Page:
I glance over at my phone: 12:35am. This is unusual for me as I am usually a brush by 9:30pm, asleep by 10pm kinda gal. I’m blessed in the sleep department; I’ve never had trouble falling or staying asleep. But on this night, I lay awake.
I hear the clicking of the fan above, the clanking of the heat kicking on once again, and the low-pitched hum of the refrigerator just beyond my bedroom walls. With the approach of my Sacred Self Care Retreat just a few months away, the idea and concept as a whole of self care has been at the forefront of my mind.
As I begin to drift into that place between a waking and sleeping space, a thought comes to me. “Yes!” I think. “THAT is exactly what I have been waiting for!” I grab my phone and write this note, “Self care is getting quiet enough to hear the soul speak.”
You may be thinking, “yeah, so?” or “what does that even mean?” Let me explain.
The self care movement has been in full swing for a few years now, and usually sounds a lot like bubble baths, a glass of wine after a long day, a quiet moment of intentional breath, morning meditation — essentially giving yourself a lot of TLC. I am absolutely a proponent of all of these things, I even listed 101 Ways To Show Yourself Some Love, which includes most of the above acts. What I have come to see, however, is that each of these things can potentially be just another item on the to-do list.
Through my own experience, I have now come to see that the self care act of taking a bath, spending time in nature, and going on a long walk is the vehicle, not the answer. It’s the pathway IN, not the final solution.
In order to know what you most need, you need to first get quiet. And in our current world, that can feel nearly impossible. This is what yoga, meditation, and time in nature offer us: an opportunity to quiet the mind chatter and reconnect to ourselves. That is the pathway in, the way to hear what it is you truly need, because, without that, it’s all just a bunch of mind-scattering, social media-comparing, too-busy-to think noise.
So I offer you this: The greatest form of self care is getting quiet. I propose that we’re not all as confused as we claim to be. You know what will bring you the most joy. You know what will make you feel settled and grounded. You know how to best nourish your body. You know what to do with your uninspiring job. You know what to do in your relationship.
Your world is just too noisy to hear the insight needed to propel you forward.
So what if, instead of the self care action item list, we actually care for ourselves by creating the space to get quiet; to hear what it is you really need, and listening, and taking action. Because to just go through the self care motions without reaping and applying the insight received is selling yourself short. It’s thinking, “I want an ice cream cone,” and heading to the shop, picking your favorite flavor, holding the cone in your hands, and then never enjoying the sweet taste of that first lick. It’s showing up, but not seeing it through.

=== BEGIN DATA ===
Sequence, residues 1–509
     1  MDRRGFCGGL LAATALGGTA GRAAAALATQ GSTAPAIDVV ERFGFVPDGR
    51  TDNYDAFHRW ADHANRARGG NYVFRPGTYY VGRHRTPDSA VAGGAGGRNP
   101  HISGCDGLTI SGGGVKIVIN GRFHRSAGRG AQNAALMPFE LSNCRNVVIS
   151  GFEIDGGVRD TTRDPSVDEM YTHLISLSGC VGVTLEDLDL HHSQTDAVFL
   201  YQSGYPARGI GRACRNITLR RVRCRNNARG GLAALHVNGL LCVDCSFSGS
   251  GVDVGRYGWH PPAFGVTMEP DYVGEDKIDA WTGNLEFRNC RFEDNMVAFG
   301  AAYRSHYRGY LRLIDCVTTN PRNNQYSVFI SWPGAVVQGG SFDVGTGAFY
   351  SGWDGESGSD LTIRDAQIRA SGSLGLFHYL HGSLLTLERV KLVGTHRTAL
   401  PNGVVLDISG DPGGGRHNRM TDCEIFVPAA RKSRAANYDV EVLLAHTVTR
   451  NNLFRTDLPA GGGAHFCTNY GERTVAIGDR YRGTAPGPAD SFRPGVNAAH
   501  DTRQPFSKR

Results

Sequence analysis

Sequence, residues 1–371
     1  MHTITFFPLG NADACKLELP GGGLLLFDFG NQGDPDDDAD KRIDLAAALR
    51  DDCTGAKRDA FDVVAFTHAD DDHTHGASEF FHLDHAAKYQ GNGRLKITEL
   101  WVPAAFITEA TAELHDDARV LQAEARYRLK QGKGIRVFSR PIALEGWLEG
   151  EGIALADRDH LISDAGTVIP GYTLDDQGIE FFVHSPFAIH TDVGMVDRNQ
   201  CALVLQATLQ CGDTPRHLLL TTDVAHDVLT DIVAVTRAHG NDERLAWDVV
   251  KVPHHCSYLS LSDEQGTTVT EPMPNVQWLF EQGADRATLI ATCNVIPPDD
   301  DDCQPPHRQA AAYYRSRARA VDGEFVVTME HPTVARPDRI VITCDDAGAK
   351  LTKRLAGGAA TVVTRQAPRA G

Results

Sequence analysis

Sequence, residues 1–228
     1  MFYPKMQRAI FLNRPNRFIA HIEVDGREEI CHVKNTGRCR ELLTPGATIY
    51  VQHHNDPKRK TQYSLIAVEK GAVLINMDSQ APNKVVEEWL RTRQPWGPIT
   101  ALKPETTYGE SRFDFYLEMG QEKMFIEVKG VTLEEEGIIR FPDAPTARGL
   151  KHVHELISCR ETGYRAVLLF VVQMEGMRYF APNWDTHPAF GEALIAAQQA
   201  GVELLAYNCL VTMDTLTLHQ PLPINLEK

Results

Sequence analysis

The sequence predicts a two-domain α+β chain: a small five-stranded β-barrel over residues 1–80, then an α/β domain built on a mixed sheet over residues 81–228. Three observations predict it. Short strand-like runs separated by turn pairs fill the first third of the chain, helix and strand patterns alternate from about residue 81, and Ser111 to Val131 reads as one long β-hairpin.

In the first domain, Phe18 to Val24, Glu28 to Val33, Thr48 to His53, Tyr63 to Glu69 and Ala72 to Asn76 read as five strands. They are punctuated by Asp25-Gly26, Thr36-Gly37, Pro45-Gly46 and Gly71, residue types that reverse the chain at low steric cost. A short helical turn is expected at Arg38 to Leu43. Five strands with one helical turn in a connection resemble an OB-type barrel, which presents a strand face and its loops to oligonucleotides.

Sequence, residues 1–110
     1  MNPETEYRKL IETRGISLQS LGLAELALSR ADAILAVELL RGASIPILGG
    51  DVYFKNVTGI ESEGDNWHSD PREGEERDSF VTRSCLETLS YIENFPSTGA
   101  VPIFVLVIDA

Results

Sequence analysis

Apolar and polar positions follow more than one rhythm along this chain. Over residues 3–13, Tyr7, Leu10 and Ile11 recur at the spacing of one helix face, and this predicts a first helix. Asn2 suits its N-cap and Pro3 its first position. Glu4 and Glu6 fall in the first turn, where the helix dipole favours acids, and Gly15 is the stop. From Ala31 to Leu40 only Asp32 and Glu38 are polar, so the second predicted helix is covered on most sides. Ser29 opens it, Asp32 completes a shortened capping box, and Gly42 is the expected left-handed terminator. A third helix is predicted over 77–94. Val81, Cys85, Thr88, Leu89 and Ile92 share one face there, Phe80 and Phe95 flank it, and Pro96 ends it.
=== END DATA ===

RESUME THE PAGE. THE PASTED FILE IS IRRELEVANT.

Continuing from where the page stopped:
But man, it is so much easier to, say, clean the house, lay in the grass, watch the clouds, give a stranger a hug, turn off your cell phone, take deep breaths or whatever other form of self care you choose than to do the work. We need all of these things, absolutely, but it doesn’t end there, that’s just the beginning.
Self care is getting quiet.
Self care is creating space to hear what you truly need.
Self care is trusting yourself enough to take action.
Self care is living your truth, regardless of what your mom, brother, co-workers, and friends believe.
Self care is loving words, and baths, and walks, and women’s circles, and yoga classes, yes, but that’s just the prologue. It’s up to you to write the rest of the story.
Last night I was watching Episode 4 of Dr. Mark Hyman‘s docu-series Broken Brain, and, in a discussion with another MD, he made the statement that identifying autism is not the end, it’s just the beginning. That in functional medicine, the thinking starts when you make the diagnosis, as opposed to ending. That’s a huge shift in our approach to medicine. The point is once you diagnosis what an illness or disease is, that’s when you get to work to remedy it. Such is my point with self care: With self care, the work starts once you get quiet, it doesn’t end. That’s just the beginning of you living your truth: Getting quiet enough to hear what you need and then getting into action around it.
For a long time, every time I got quiet enough to hear my truth, it lead me towards entrepreneurship and sharing my passion for health and holistic wellness with those around me. The next smallest step, the action I needed to take, was to sign up for my health coaching certification course— and everything you see, from my blog to the online courses to the retreats to the yoga teaching, is the ripple effect from getting into action around my truth.
My wish for you is to show yourself some self care by connecting to the outlets that allow you to get quiet to hear your soul speak. And to have the courage to hear its words and blaze forward on an empowered, inspired path.
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